Well I apologize for the length of this post but we have been riding (err...walking) hard and fast. See, this week is cultural week, which means entry to all the museums is FREE! We saved about 75 Euros in museum fees today alone. So look for lots of entries this week.
Our first stop today was the church of Santa Maria di Loreto. This church was completed in the 1580's and is located right near the Imperial Forum. It commemorates the transportation of Our Lady's house in Nazareth to Loreto, Italy, where it miraculously appeared out of the sky. The house itself isn't here, (it's in Loreto) but the church has the transportation of the house as its theme. The facade is rectangular, but the actual church is octagonal. Here is the church looking at it from outside.
Inside is this really nice crucifix surrounded by relics.
Here's the organ inside the church. Note the words of the Ave maria in the mosaics around the wall. Also note the brass work of the house being carried by angels on clouds.
Continuing with the same theme, the tabernacle has a motif of the house as well.
This is the interior of the church looking down the nave.
On the back of the church above the door is this fresco of the angels carrying the house. I thought it was really nice, the house looks so heavy, and the clouds look so light.
We went outside and Alex stopped in this shop that sold reproduction Etruscan and Roman artifacts. There were a lot of interesting things here...Isaac and Nathan you'll want to come here!
Next we went to the church of Santa Mara dell'Anima. This was the church for Germans in Rome and had many Germanic and Austrian patrons. During the occupation of Rome by Napoleon the church was plundered and used as a horse stable. This candlestick was donated by Emperor Franz Jozef.
Next we went to the church of San Nicola dei Lorensi where we found these French Benedictines saying their office.
After we were done with the church of San Nicola we went to the Napoleonic Museum. This was a very nice museum, mainly related to Napleon's family, and his occupation of Rome. Here is a picture you will recognize, the very famous portrait of Napoleon at Wagram.
And this would be a painting of Napoleon's horse Marengo. To be honest, Napoleon had many horses, but Marengo was the most famous. Napoleon was an avid horseman, and preferred Arabian horses because of their smaller size (he was very short) and excellent stopping ability.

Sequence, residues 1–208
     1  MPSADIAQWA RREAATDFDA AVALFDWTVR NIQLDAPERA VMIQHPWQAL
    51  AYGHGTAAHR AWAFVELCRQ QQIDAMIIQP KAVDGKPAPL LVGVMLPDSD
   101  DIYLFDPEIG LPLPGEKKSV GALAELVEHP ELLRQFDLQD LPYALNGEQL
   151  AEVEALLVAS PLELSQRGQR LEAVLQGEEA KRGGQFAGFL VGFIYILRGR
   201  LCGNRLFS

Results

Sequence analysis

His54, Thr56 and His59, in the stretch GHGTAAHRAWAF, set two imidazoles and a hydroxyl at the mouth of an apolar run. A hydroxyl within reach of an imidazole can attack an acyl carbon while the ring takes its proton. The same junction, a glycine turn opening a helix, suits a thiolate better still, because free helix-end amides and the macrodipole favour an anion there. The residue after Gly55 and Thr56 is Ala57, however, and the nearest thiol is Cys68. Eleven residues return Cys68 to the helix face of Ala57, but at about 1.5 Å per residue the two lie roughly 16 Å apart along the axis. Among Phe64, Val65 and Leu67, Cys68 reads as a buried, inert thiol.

This is a card game Napoleon played when he was exiled to St. Helena.
And this is me in front of a bust of the Emperor.
This would be a couch or bed belonging to Napoleon's wife.
And this is Alex in front of a bust of Napoleon's brother Joseph, whom he made ruler of Spain.
After we left the museum we stopped in at this Murano glass store where mom got some earrings and a vase.
Then we went to the Colosseum. We had not yet been in it because of the entry fees, but since it was cultural week, in we went. In this picture, you can see the cages where animals and prisoners were caged. The grey shafts are the pulley shafts which raised the cages up to the arena level.
This is a shot of me standing on the second level of the Colosseum.
This is a mosaic depicting gladiatorial combat dating to the 2nd century AD.
This picture shows the stone placard carved with the name of one Senator Marcellus, who had a "season ticket" of sorts reserved in the amphitheatre. Ancient PSL's Mr. Dinneen!
Looking out across the arena into the stands, capable of holding more than 70,000 people.
This is a shot of the gang.
And this is a weird picture, but I found it really interesting because of the conglomeration of arches and angles shown. You've got arches, buttresses, arches that also function as buttresses, and lots of different angles.
We had spent all day in town and Augustin was so tired he fell asleep on the train home!